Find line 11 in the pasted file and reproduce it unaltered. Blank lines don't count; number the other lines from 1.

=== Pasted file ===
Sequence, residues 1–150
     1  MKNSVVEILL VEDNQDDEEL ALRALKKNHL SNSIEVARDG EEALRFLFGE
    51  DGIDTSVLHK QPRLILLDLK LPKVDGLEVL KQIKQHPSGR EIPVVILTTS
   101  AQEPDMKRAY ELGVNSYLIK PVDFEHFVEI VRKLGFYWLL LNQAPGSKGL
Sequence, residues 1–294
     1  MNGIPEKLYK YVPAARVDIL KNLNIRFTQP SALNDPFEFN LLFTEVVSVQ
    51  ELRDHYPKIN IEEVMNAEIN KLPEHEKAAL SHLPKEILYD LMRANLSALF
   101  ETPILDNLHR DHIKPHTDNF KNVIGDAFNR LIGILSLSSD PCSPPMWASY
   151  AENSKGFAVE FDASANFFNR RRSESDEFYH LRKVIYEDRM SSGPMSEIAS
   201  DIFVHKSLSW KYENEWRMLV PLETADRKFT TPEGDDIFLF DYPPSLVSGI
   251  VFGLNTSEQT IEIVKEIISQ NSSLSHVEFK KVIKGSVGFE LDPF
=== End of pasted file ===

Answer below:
   251  VFGLNTSEQT IEIVKEIISQ NSSLSHVEFK KVIKGSVGFE LDPF